I knew I was sucked into Netflix’s Queen Charlotte when 21-year-old star India Amarteifio offers her first on-screen grin. Playing the young version of Bridgerton‘s whimsical royal (Golda Rosheuvel) in this prequel series, the actress shows plenty of theatrical rebellion by smashing busts and monologues about all the ways her corsetry could kill her. She is cutting and biting in her small, safe German principality. But as soon as she arrives at the English court as a powerless pawn, she suddenly has to play the role of a submissive partner.
But as her future mother-in-law (Michelle Fairley) surrounds her in a palace apartment, Charlotte can hardly bear this vicious inspection of her body parts. “You’ve got good hips,” Augusta announces, tugging at Charlotte’s bodice. ‘You’ll make a lot of babies. As many babies as possible for my son.” Amarteifio stares, blinks, smiles curtly and responds with cold contempt. Rosheuvel’s Queen Charlotte is a sweet bitch; Amarteifio’s is a sweet, vulnerable bitch.
It’s not always easy to match younger and older versions of the same character played by different actors: even minor differences in appearance, performance, and cadence can lead to significant cognitive dissonance. Shows that use parallel timelines often feel like two different series stuck side by side. However, the shows that skillfully use this storytelling device are not only feats of writing and editing, but acting as well. Successful performers in these roles don’t just mimic each other; instead, they cultivate each other in a feedback loop, with the character pairs serving as acting partners even if they never share a scene together. And while it’s sometimes easier for prize pickers to see merit in the work of a familiar face in an industry veteran, they also have to consider the tremendous effort of emerging players that stand out in their own right.
Queen Charlotte, which follows our heroine at the start of her uneasy marriage and several decades later as the aged queen navigates a succession crisis, takes a risk in weaving these timelines so tightly. If Rosheuvel and Amarteifio were too in sync, you might wonder why the protagonist hadn’t matured in over 40 years. If it were too disparate, you’d wonder why you even looked at Charlotte’s origin story. Charlotte van Rosheuvel is a grinning virago who enjoys playing the nobility like puppets. Amarteifio’s version is more uncertain and uncertain, but no less sour. Her charisma continues in her lightning fast line readings, the young protagonist’s means of displaying intellect and dominance. Rosheuvel, in turn, does more with gestures and expressions, her Charlotte’s pride fermented by years of monarchical hardship.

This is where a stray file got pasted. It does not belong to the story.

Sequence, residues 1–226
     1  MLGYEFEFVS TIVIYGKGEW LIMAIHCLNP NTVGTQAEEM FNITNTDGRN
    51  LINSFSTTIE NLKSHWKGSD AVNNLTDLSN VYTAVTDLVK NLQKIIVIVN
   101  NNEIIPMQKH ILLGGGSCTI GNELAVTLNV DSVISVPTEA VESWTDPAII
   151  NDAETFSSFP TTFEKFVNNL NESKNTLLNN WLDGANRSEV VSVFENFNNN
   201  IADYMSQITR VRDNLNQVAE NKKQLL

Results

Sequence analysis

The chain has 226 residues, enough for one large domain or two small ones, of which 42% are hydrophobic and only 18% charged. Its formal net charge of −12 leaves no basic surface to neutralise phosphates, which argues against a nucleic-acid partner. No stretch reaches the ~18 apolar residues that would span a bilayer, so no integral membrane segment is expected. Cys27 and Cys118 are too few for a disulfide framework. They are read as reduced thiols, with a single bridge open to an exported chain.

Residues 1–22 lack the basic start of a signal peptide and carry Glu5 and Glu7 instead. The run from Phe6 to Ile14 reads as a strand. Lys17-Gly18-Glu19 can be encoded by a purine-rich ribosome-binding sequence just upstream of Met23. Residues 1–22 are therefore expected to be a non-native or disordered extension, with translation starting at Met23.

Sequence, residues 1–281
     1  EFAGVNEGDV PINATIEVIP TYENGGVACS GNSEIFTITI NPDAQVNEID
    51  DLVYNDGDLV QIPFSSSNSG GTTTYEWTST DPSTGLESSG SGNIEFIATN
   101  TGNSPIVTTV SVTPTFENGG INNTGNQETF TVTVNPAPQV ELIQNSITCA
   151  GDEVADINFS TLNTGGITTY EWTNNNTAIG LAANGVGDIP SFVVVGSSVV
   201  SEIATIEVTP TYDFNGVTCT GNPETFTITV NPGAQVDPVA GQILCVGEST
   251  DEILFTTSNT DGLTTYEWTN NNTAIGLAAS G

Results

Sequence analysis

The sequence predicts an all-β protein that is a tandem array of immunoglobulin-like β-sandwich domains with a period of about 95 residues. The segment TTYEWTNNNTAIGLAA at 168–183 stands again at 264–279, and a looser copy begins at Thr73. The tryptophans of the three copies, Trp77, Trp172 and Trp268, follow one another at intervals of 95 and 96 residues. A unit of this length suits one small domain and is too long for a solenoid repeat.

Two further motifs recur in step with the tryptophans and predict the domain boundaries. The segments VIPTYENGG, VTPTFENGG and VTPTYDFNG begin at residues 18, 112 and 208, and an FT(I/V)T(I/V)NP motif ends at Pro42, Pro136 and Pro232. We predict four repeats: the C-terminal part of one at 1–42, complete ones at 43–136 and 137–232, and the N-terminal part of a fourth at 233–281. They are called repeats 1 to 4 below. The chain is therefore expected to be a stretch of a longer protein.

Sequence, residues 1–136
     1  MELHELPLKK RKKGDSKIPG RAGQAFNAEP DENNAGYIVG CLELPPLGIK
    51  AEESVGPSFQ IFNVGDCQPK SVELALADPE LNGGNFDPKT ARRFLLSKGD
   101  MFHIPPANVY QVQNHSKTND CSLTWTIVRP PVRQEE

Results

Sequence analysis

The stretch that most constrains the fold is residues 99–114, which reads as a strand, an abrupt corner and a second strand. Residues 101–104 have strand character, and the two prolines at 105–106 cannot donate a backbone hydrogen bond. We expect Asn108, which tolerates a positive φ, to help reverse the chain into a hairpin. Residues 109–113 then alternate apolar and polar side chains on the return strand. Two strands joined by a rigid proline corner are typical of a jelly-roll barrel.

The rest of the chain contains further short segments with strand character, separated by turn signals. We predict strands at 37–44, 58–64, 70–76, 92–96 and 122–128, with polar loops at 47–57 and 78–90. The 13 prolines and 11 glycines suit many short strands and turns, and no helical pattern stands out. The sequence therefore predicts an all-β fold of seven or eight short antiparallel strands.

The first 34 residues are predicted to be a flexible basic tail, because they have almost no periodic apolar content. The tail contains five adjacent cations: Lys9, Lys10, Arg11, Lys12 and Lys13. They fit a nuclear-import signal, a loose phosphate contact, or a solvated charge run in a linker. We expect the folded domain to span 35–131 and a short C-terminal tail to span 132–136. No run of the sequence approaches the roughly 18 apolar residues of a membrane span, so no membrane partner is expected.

Likewise Starz’s The snake queen follows the rise of a humble young woman whose royal marriage catapults her into a viper’s lair. Like Charlotte, Catherine de’ Medici (Liv Hill and Samantha Morton) is plucked from obscurity, transported to a new land and then married to a weird prince. She quickly transforms from an articulate Florentine nun to an articulate French princess, but her Machiavellian qualities eventually enable her to seize power herself. Hill is endearingly magnetic as teenage Catherine, a scruffy boy who learns early on that, unlike the other women on the court, she won’t be able to rely on beauty or sexuality to get what she wants – and cunning has a longer lifespan than physicality. . Hill’s Catherine is a brash vulgar with street wisdom, while Morton’s is tempered by years of heartbreak. Hill is a comedic delight, especially when visibly weighed down by her station’s grotesque regalia, but Morton drips venom into every line delivery.
Tragedy binds Showtime’s characters Yellow jackets, a group of middle-aged women who survived a plane crash as teenagers in the 1990s. The show’s magic isn’t just in its exploration of madness and superstition, but how it threads its parallel timelines through the talents of its actors. Melanie Lynskey, Juliette Lewis, Christina Ricci and Tawny Cypress were casting cuts from the start of production, but the real shock of the ensemble is how well their younger counterparts complete their older selves. The young actors Sophie Nélisse, Sophie Thatcher, Samantha Hanratty and Jasmin Savoy Brown, respectively, carry the drama as masterfully as today’s actors.
Nélisse is heartbroken in season two as her Shauna endures the guilt of causing her best friend’s death, starves while trying to carry a pregnancy to term, and ends up losing her baby in childbirth. Shauna van Nélisse slowly becomes enraged by this emotional upheaval and gives in to the inner cruelty that eventually hardens in Lynskey’s version of the character.
The adult Shauna is haunted by unresolved grief, just like Clare (Kathryn Hahn and Sarah Pidgeon), the protagonist of Hulu’s Little beautiful things. As she approaches her 50th birthday, Clare can’t help but think back to the untimely death of her mother (Merritt Wever), whom she feels has failed by stalling her writing career and her own fragmented motherhood choices. Like Shauna, she has a troubled relationship with her husband and teenage daughter, which was only made more complicated by an unplanned pregnancy in her youth. Hahn and Pidgeon share a lived-in warmth, the kind of instinctive, nurturing energy that ultimately helps Clare become a popular advice columnist. Characters trapped in past trauma can sometimes become stagnant on screen, but being able to work through their early pain with them can enliven our understanding of their travails.
This story first appeared in a standalone June issue of The Hollywood Reporter magazine. To receive the magazine, click here to subscribe.